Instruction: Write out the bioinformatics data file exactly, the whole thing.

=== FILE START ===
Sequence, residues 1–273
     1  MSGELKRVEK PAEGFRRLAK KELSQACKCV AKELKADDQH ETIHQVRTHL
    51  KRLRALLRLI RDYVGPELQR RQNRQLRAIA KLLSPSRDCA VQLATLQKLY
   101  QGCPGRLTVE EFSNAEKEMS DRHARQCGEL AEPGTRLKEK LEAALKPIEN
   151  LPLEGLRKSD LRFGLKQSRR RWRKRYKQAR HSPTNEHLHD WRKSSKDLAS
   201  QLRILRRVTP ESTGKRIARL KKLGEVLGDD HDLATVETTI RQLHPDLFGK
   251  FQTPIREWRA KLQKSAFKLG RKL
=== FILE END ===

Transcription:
Sequence, residues 1–273
     1  MSGELKRVEK PAEGFRRLAK KELSQACKCV AKELKADDQH ETIHQVRTHL
    51  KRLRALLRLI RDYVGPELQR RQNRQLRAIA KLLSPSRDCA VQLATLQKLY
   101  QGCPGRLTVE EFSNAEKEMS DRHARQCGEL AEPGTRLKEK LEAALKPIEN
   151  LPLEGLRKSD LRFGLKQSRR RWRKRYKQAR HSPTNEHLHD WRKSSKDLAS
   201  QLRILRRVTP ESTGKRIARL KKLGEVLGDD HDLATVETTI RQLHPDLFGK
   251  FQTPIREWRA KLQKSAFKLG RKL